Pennsylvania employers with salaried, nonexempt employees working in the commonwealth may need to adjust how they calculate overtime premiums for these employees in light of amendments to the Pennsylvania Minimum Wage Act that will go into effect on August 5. The amendments codify that Pennsylvania employers cannot use the fluctuating workweek method of calculating overtime pay for salaried employees.
Specifically, employers must calculate the regular rate of pay for salaried, nonexempt employees by adding up all remuneration paid to the employee during the workweek and dividing this amount by 40 hours. This change in the Pennsylvania Minimum Wage Act (PMWA) is a significant divergence from the federal Fair Labor Standards Act (FLSA), which permits employers to determine the regular rate of pay for salaried, nonexempt employees by dividing all remuneration the employee earned by the total hours the employee worked that workweek. This change in the PMWA will result in potentially greater overtime pay for salaried, nonexempt employees in Pennsylvania.
In light of this change in the law, Pennsylvania employers with salaried, nonexempt employees should review how they calculate overtime premiums for these employees and make any adjustments to make sure they are in compliance.
Under both the FLSA and PMWA, employers must pay nonexempt employees overtime at 1.5 times the employee’s regular rate of pay for all hours worked over 40 hours in a workweek. Under the FLSA’s fluctuating workweek (FWW) method, overtime premium pay for salaried, nonexempt employees can be calculated by dividing the employee’s salary (and all other compensation that needs to be included in the regular rate) by the total hours worked that week and then multiplying that rate by the number of overtime hours worked and finally multiplying that number by 0.5.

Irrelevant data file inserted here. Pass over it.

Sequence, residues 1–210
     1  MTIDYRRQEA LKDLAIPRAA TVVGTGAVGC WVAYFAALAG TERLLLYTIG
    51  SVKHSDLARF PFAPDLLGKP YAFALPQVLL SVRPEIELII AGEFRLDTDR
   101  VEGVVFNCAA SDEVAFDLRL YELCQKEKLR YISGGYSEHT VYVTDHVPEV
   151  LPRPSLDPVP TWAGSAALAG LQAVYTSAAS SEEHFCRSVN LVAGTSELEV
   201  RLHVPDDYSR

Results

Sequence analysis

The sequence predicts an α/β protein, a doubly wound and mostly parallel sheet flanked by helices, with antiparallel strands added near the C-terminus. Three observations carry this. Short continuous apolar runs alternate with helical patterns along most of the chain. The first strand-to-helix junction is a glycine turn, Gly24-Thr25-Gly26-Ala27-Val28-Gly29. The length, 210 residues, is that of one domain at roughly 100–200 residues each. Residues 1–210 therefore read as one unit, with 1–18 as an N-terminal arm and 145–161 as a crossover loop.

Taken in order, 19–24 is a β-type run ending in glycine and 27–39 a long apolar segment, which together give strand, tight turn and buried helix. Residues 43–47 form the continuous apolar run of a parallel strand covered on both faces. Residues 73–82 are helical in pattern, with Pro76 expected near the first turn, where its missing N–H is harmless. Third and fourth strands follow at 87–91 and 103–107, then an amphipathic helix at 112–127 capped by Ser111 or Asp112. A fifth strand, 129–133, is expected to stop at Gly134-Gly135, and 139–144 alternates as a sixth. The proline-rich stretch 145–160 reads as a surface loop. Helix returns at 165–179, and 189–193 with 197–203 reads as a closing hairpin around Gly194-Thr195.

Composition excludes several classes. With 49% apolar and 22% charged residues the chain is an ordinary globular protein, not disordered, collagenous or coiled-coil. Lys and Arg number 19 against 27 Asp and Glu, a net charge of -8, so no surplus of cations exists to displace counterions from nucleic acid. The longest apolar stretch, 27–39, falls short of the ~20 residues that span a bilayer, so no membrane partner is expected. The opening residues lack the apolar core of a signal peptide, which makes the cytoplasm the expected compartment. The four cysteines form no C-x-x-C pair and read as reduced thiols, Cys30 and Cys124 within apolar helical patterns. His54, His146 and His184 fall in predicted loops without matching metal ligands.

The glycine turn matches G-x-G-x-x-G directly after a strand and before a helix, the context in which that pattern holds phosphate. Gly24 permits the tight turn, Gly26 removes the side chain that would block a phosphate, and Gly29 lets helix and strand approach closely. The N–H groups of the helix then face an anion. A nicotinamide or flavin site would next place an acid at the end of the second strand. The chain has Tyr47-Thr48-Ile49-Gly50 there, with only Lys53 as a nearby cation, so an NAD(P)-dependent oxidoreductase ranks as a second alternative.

In 2019, the Pennsylvania Supreme Court held that the PMWA prohibited employers from using the FWW method to pay half-time overtime. The recent amendment to the PMWA codifies that use of the FWW is not permissible and states the regular rate is calculated by dividing all remuneration that needs to be included in the regular rate (e.g., the employee’s weekly salary, non-discretionary bonuses, and commissions), by 40 rather than by all hours the employee worked that week. The employee’s regular rate is then multiplied by 1.5 and then multiplied by the number of overtime hours to determine the amount of overtime pay due. Pennsylvania’s method of calculating overtime pay may result in salaried employees receiving overtime pay that is significantly greater than they would receive if overtime pay were calculated under the FWW method.
Pennsylvania’s method of calculating the regular rate for salaried, nonexempt employees is a departure from the method used under the FLSA and in most states. Critically, the revised PMWA states that in calculating the regular rate for salaried nonexempt employees, “all renumeration,” such as non-discretionary bonuses and other incentive payments, paid to the employee should be divided by 40 hours. This is in contrast to the method under the FLSA and in most states, which allows employers to use the total hours worked in the calculation. Notably, even employee-friendly California does not require the overtime premiums due on production bonuses and commissions to be determined by only using non-overtime hours in the calculation.
Given that Pennsylvania is distinct in this regard, all Pennsylvania employers with nonexempt salaried employees should review their payroll practices to ensure compliance with the new rule.
If you have any questions or would like more information on the issues discussed in this LawFlash, please contact the following Morgan Lewis lawyers:
Russell R. Bruch
 52 Pa.B. 2701.
 29 C.F.R. § 778.114
 See Chevalier v. General Nutrition Ctrs., Inc., 220 A.3d 1038, 1051-59 (Pa. 2019).
 34 Pa. Code § 231.43(a)(1) – (7).
 Notably, the Pennsylvania Department of Labor and Industry stated that the new rule only applies to the calculation of overtime for salaried, nonexempt employees and declined to clarify how its rulemaking may apply to calculating overtime pay for hourly employees who receive incentive pay. See 52 Pa.B. 2705. However, employers should be aware that plaintiffs’ counsel may advance arguments that these rules extend to hourly workers as well.